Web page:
These webinars focus on writing skills specific to Walden doctoral capstone studies, including the dissertation, doctoral study, or project study. Doctoral capstone students will benefit from the Writing Center's webinars in other categories as well.
The webinars in this category are appropriate for Walden's doctoral capstone students (EdD, DBA, PhD, DIT, DNP).
Writing a doctoral capstone document, such as a dissertation or a doctoral or project study, is a unique process with its own challenges. Often the shorter writing and research assignments you have done in courses do not accurately reflect what it takes to craft a book-length document that contains an original scholarly contribution, which is what your capstone will be. This webinar addresses the ways writing the doctoral capstone differs from writing for graduate courses and outlines some helpful strategies for how to approach the writing process as you move into the capstone phase.
In this panel discussion, Writing Center Editor and Coordinator of Capstone Resources Lydia Lunning moderates a discussion about revising and editing with the expert panel of Carey Little Brown, Editor, Dayna Herrington, Editor and Coordinator of International and Multilingual Student Writing Support, and Amy Lindquist, Writing Instructor and Coordinator of International and Multilingual Student Writing Support.
If you are looking for tips and strategies to become an efficient and effective reviser and editor of your own writing, watch this webinar!
This session will focus on writing approaches to synthesizing the research, including strategies to help organize and evaluate your sources, particularly in the literature review of doctoral capstone studies.
The doctoral capstone study literature review involves both researching and writing, and the distinction between the two can be murky--often it involves both at once! Join Librarians Susan Stekel and Anne Rojas and Writing Center Editors Carey Little Brown and Meghan Irving for this panel focused on the literature review as they talk about their tips for completing this section of your study and answer to common student questions.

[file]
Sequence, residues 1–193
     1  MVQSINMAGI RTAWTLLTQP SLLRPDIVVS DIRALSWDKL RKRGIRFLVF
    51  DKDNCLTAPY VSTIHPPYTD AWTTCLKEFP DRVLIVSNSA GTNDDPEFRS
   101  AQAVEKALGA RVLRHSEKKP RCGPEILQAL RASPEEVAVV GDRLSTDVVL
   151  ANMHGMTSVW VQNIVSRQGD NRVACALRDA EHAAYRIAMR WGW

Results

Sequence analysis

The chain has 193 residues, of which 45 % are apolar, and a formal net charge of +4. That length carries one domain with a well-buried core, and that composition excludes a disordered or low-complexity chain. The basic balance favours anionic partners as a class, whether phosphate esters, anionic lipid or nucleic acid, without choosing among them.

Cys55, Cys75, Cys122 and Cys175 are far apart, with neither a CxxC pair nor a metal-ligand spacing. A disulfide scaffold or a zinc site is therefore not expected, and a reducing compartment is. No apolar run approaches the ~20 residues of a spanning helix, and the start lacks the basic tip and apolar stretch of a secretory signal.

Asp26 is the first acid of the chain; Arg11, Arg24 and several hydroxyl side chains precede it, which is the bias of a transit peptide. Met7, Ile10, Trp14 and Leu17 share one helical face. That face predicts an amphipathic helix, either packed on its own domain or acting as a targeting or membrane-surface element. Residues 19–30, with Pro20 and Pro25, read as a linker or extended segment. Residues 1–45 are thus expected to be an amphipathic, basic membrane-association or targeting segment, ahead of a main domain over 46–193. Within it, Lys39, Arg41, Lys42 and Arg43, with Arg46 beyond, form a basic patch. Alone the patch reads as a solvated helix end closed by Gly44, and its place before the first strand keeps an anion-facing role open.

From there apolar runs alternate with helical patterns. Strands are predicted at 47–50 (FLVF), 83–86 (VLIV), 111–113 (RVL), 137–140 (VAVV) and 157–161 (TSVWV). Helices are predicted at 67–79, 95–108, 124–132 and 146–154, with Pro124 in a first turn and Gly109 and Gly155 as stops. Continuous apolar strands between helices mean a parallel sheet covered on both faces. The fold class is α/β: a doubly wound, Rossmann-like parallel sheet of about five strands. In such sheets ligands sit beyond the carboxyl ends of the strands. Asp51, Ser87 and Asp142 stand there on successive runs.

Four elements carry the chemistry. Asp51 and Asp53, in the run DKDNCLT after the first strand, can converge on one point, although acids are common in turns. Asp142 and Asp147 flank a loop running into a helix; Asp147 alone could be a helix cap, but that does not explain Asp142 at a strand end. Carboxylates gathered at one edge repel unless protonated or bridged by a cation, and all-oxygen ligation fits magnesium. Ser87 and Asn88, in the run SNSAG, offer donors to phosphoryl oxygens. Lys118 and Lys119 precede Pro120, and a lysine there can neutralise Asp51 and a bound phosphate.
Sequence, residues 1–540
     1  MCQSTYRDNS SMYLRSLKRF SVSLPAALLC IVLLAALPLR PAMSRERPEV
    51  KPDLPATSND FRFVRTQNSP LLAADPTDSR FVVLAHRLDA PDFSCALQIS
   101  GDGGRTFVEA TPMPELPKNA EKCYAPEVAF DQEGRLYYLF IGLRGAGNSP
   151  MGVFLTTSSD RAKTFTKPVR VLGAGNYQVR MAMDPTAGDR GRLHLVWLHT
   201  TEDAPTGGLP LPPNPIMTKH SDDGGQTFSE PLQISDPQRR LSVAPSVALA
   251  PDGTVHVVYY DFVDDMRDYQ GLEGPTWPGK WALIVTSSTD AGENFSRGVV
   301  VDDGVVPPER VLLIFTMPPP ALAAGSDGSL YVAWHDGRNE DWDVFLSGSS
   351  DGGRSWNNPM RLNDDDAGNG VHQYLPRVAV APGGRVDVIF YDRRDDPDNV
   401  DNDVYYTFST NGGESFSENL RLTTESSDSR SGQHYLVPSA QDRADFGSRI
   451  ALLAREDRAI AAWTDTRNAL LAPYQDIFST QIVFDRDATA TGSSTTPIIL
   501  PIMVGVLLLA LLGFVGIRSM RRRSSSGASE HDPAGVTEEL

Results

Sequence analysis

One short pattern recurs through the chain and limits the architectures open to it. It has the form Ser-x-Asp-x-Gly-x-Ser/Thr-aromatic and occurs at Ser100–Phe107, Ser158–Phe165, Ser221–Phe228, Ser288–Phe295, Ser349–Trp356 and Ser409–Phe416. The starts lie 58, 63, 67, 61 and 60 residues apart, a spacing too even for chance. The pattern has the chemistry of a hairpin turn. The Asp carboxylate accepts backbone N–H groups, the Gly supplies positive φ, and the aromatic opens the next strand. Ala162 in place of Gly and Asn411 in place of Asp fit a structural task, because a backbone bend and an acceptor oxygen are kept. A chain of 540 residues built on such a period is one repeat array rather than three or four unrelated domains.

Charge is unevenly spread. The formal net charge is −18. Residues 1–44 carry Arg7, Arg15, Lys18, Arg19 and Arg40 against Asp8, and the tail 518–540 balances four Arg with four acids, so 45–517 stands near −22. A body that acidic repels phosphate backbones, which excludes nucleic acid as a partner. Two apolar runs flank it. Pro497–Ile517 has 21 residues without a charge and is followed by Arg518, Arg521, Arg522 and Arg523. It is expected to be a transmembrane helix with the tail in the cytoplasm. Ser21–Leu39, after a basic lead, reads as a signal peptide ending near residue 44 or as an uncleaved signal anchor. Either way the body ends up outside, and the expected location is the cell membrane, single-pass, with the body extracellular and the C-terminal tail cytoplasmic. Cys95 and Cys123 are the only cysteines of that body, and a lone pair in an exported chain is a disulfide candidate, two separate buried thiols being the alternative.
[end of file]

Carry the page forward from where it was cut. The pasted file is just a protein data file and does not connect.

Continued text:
Your reader not only wants to understand the results of your study, but also how you achieved those results: in other words, the rationale for your design and the methodology for collecting data. Join this webinar for a discussion of common writing issues students face when discussing these elements as well as strategies for overcoming them.
This webinar focuses on how best to use tables and figures to present data (as well as APA requirements for doing so), as well as discussing qualitative and quantitative data.
These sections are likely the most often read passages in your whole dissertation or doctoral study, but encapsulating your research into a direct and concise introduction, conclusion, or abstract can be easier said than done. If you are working on your proposal, how do you write an introduction for a study you aren’t even quite finished formulating? If you are finished with your final document, how do you do justice to all of your data and analysis in your final discussion and/or project? The abstract can be the trickiest of all—how do you address all of the major points of your research in a single page? This capstone webinar will offer an overview as well as some helpful suggestions for how to approach writing these essential elements of your doctoral research.
The abstract is an important component of any doctoral capstone, since it's often the first thing a reader will see and it often represents a writer's study. Watch this webinar to learn the Writing Center’s tips for successfully writing the abstract in your doctoral capstone!
In this webinar we discuss the purpose of the form and style review and where it occurs in the approval process as well as outline student, committee, and editor responsibilities in finalizing manuscript drafts to prepare for ProQuest publication. The last portion of this session is Q&A with three of the Writing Center's editors.